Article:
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Did Communism pose a serious threat to the U.S. in the 1940s and 1950s?Was the threat...

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loola555 | (Level 2) Honors

Posted May 5, 2010 at 1:11 AM via web

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Did Communism pose a serious threat to the U.S. in the 1940s and 1950s?

Was the threat of Communism just an exaggeration to benefit politicians who wanted to appear "tough on Communism"?

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pohnpei397 | College Teacher | (Level 3) Distinguished Educator

Posted May 5, 2010 at 1:16 AM (Answer #1)

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The answer to that question is really a matter of personal opinion.  The way it plays out nowadays, it is basically liberal historians who say communism was no threat while conservatives say it was.  There is no way to say for sure.

It is definitely true that the Soviet Union had spies in the United States.  The spies would surely have done as much damage to the US as they could have.  The Soviet Union clearly had enough military power to be a threat, although not enough (by the end of the 1950s) to have a chance to invade the US.

The Soviets clearly wanted to spread communist ideology.  However, it is not clear that there was any danger of lots of Americans buying their ideas.  Clearly, some politicians did use this threat to help themselves look tough, but that does not necessarily mean it was not a real threat.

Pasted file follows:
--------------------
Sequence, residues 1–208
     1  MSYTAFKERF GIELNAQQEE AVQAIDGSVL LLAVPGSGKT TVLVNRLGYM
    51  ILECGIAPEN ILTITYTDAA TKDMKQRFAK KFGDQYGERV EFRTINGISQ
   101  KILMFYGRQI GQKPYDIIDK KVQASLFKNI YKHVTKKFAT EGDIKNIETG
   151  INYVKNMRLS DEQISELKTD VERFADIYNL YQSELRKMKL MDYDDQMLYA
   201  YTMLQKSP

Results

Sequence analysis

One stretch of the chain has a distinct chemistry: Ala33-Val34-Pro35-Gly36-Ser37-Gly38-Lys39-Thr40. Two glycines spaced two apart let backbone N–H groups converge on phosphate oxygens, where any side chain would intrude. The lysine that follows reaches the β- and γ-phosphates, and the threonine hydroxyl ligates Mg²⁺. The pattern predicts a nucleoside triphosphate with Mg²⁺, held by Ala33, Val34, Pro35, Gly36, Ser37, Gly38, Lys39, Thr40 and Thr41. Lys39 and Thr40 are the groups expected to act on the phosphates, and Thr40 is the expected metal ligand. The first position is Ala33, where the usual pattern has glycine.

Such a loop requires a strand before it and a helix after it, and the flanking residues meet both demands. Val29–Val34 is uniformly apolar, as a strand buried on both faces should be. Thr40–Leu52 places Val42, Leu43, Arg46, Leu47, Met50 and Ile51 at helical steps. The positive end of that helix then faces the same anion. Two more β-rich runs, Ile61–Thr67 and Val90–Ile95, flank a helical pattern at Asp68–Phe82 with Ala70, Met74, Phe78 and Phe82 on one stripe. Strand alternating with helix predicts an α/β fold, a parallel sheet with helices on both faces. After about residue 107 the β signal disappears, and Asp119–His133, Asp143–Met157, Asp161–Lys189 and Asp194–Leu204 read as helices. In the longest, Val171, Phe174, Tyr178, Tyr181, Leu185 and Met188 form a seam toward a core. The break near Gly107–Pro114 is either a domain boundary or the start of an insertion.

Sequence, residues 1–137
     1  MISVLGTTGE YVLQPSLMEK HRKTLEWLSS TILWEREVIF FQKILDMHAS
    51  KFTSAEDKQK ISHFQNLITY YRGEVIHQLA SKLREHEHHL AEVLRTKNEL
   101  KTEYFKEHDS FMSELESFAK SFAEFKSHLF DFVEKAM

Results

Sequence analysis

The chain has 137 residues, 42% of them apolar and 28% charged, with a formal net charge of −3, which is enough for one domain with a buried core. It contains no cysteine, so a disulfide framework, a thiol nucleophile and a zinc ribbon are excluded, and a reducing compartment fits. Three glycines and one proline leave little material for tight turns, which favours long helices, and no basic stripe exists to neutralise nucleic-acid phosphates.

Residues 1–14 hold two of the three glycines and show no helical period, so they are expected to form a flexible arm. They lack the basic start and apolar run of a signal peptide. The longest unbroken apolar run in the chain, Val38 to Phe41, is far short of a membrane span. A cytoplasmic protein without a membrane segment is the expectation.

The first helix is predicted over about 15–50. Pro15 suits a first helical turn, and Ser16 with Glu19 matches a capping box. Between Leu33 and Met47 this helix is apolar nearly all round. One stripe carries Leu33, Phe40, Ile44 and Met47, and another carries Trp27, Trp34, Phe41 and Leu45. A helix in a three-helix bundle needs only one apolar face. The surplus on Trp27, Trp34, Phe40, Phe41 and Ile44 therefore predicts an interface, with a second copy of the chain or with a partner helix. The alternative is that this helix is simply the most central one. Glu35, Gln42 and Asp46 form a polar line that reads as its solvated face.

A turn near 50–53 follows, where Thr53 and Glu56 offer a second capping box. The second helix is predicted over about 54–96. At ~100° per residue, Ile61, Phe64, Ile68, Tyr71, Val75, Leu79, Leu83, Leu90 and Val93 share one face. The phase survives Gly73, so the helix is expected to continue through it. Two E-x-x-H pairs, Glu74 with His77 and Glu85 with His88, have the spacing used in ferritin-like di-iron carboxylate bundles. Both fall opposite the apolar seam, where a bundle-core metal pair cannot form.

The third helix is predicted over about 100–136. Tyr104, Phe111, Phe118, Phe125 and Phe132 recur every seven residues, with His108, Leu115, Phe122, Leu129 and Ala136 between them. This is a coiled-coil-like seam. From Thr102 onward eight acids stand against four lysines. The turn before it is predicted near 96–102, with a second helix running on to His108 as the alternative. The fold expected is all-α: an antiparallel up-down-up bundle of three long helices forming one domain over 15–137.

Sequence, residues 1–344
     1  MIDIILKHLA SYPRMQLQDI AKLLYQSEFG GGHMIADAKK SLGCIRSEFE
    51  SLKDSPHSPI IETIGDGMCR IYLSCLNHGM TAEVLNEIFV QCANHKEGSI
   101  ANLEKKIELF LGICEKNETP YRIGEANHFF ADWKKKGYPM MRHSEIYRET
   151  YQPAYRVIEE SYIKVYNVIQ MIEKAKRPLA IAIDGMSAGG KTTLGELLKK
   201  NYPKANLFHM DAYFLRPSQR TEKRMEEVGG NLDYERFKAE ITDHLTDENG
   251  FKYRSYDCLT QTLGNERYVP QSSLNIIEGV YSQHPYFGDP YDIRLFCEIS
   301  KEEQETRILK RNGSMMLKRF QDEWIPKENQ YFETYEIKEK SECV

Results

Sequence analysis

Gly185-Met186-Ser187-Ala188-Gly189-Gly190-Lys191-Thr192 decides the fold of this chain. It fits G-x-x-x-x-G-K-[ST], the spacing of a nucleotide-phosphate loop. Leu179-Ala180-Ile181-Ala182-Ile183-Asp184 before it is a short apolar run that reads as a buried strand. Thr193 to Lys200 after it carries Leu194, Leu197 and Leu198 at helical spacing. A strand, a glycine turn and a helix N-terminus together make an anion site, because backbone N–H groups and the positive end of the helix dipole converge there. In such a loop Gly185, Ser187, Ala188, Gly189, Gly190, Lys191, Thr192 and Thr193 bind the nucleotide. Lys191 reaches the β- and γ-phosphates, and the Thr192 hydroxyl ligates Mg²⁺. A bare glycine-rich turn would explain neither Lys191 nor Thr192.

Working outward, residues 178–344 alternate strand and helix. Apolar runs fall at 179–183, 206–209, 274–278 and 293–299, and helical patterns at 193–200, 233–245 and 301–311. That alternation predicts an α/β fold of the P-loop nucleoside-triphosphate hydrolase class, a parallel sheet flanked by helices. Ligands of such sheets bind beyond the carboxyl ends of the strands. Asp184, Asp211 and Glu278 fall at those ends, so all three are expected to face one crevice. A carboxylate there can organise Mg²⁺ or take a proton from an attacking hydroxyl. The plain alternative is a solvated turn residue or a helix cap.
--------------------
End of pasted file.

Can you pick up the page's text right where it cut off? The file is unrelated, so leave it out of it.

So communism was clearly a threat, but there is no clear answer as to whether it was a serious threat.

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brettd | High School Teacher | (Level 2) Educator Emeritus

Posted May 5, 2010 at 2:23 AM (Answer #2)

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Depends on your definition of "threat".  There was never any danger that the US would ever be invaded or become communist from internal revolution.  While communism became the most popular in this country during the Great Depression, it has always been a small minority politically, as has socialism.

But the Soviet Union as a communist empire did seek to expand its control over more countries, exported armed rebellion to achieve this, and even had a branch of government, the COMINTERN or Communist International to pursue this goal.  So some countries in Europe became communist, and others were threatened militarily during the Cold War, and when communism began to spread to the Western Hemisphere, Guatemala and Cuba in the 1950s, specifically, we tended to view it as more of a direct threat.

I think it is more accurate to say it was a threat to our resources and economic standard of living as opposed to our very national existence or form of government.

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